7. haitied says

    This kind of thing makes me think of the “Total perspective vortex” from the H2G2 series. Basically it destroys your mind by revealing the entire width, depth and breadth of the universe and your tiny place in it. It is able to do this by extrapolating the information from a piece of cake.

  8. William Stubbs says

    The Bible is not always clear about what it is saying. A bible passage can produce a variety of interpretations. In the Second Epistle of Peter from the King James Version of the New Testament, verse 8 of chapter 3 reads: “But, beloved, be not ignorant of this one thing, that one day is with the Lord as a thousand years, and a thousand years as one day.” This is typically interpreted to say that one creation day is one thousand years. The first two chapters of the Book of Genesis suggest that we are still in the seventh creation day. This means the Earth must be between 6,000 and 7,000 years old.

    Verse 8 seems to repeat that one day is a thousand years within it. But, to say “one day is with the Lord as a thousand years,” “and” “a thousand years as one day,” could be interpreted as providing two pieces of information. The “and” in the verse may indicate that additional, not redundant, information follows. If so, then the days and years mentioned in the first clause may not be the same days and years referred to in the second clause.

    To explore this; first, we denote the days and years in the first clause as Days and Years (beginning with upper case letters). Next, we denote those in the second clause as days and years (beginning with lower case letters). Now, the verse says: 1 Day = 1,000 Years, and 1,000 years = 1 day.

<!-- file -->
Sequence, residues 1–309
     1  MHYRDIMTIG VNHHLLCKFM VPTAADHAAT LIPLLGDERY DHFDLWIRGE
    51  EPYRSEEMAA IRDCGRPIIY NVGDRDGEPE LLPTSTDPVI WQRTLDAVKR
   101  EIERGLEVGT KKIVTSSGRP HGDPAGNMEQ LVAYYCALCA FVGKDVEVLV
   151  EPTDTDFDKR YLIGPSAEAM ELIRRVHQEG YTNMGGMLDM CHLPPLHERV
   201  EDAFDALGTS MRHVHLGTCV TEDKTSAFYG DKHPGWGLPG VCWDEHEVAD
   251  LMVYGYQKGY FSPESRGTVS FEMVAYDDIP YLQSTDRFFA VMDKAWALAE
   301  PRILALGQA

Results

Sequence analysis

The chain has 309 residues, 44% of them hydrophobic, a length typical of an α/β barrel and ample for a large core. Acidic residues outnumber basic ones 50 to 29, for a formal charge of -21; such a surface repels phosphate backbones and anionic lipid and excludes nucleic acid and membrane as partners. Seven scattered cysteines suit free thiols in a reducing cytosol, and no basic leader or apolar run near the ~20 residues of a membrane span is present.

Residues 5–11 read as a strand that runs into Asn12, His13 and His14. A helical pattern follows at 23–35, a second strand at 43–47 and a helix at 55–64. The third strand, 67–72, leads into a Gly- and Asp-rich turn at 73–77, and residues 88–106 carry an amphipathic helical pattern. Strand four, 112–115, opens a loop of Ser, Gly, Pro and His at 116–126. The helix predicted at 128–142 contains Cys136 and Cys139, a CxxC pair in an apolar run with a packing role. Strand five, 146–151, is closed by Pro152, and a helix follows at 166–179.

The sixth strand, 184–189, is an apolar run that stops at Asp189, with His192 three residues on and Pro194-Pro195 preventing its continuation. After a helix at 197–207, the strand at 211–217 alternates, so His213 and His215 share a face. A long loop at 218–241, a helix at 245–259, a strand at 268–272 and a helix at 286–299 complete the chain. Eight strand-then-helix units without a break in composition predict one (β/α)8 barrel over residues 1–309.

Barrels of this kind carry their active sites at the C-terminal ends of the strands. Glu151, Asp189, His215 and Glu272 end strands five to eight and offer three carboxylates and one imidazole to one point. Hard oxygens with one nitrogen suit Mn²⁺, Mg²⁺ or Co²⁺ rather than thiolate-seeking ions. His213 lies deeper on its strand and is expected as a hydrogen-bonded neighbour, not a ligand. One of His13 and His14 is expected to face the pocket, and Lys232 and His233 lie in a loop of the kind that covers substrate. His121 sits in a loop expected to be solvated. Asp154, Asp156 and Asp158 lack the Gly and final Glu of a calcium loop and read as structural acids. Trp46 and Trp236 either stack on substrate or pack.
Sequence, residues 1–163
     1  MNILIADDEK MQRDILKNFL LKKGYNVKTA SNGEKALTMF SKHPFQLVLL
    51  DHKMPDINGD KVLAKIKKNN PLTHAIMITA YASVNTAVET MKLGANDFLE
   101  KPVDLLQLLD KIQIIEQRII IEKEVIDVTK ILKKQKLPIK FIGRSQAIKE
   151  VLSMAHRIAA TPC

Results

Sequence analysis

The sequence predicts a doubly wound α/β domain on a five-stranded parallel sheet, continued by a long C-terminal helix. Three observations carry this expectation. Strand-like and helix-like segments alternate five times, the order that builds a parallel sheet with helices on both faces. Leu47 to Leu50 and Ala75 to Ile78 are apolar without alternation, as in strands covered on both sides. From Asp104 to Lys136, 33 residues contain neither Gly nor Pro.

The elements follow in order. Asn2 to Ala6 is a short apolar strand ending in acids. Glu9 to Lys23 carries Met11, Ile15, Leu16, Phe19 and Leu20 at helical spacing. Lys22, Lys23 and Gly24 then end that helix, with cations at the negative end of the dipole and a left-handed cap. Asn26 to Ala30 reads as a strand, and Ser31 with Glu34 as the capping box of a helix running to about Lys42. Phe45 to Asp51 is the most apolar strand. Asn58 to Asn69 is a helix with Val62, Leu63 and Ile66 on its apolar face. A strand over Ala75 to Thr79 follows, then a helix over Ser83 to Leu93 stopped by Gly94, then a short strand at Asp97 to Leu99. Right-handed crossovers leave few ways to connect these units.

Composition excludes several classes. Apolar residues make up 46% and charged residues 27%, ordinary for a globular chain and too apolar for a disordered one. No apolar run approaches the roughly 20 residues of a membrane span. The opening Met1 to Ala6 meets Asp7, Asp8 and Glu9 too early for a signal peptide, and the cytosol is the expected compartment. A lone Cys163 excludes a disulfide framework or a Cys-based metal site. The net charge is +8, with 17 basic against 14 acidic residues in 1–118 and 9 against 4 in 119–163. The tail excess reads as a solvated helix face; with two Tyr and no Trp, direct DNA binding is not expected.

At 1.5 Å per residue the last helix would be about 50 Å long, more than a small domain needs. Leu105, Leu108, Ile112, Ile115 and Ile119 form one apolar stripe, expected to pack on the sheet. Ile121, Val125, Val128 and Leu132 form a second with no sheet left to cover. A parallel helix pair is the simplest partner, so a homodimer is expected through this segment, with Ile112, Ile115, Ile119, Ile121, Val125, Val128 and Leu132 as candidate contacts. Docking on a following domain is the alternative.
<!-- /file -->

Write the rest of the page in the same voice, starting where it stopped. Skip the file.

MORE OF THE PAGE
Let a “Day” be a creation day, a “year” be a year as we know it, and a “Year” be 365 “days.” Then, 1 Year becomes 365,000 of our years, and 1 Day, 365 million of our years. This would make the Bible’s six creation days (6 Days) 2.2 billion of our years. This is about half the 4.5 billion years geology says is the age of the Earth.

    We can go one step further with this line of thought. In verse 4 of Genesis, God divides the light from the darkness. Then, in verse 5, He calls the light, “Day,” and the darkness, “Night.” To distinguish between Day and Night suggests that they are two independent entities, not two parts of an entity, “Day.” If we assume that God divided them equally, then a Night is as long as a Day, or 365 million of our years. Since there is a Night after every Day; then, in addition to the six creation Days, six creation Nights have also elapsed. This means that we have to add another 2.2 billion years to the Bible’s Earth age, making it 4.4 billion years. This is essentially the same as the 4.5 billion-year geological age of the Earth.

    For more, see:

  9. jakc says

    An interesting theory William Hobbs but 4.4 billion is still 140 million (plus or minus 40 million) years off. It’s a pretty good estimate for someone living when the Bible was written, but I’d expect God to be spot on accurate.

    I think it far more likely that the writers of Genesis (and later books of the Bible) had no idea how old the Earth is and meant the creation stories in Genesis as metaphors not to be taken literally, If nothing else, had they intended the stories in Genesis to be taken literally, they would have made them consistent in the editing process rather than leave them with unresolvable contradictions, not simply the creation of the Earth before the Sun and stars (something that could not have been reasonably known then) but the contradictions in the order of creation. Are birds and whales created before land animals? Are humans created before or after the animals?

    Even if you could convince most fundamentalists that the Bible predicts the Earth to be 4 billion years old, there is no fair reading of the text of the first two chapters of Genesis that would match what we know to be the correct order – stars, sun, Earth, Moon, and the subsequent start and radiation of life.

  10. William Stubbs says


    The 4.4 billion (actually 4.38 billion) years calculated above are for the first six days of Creation. Assuming that we are in the seventh Creation day, which is 365 million (or 0.365 billion) years long, the Earth’s age using the method I presented is between 4.38 billion and 4.75 billion years old (4.38 + 0.365). Since the 4.54 billion year old age of the Earth that you refernce is within this range; I’d say that, for all practical purposes, the geological age and my Biblical age calculation are the same age.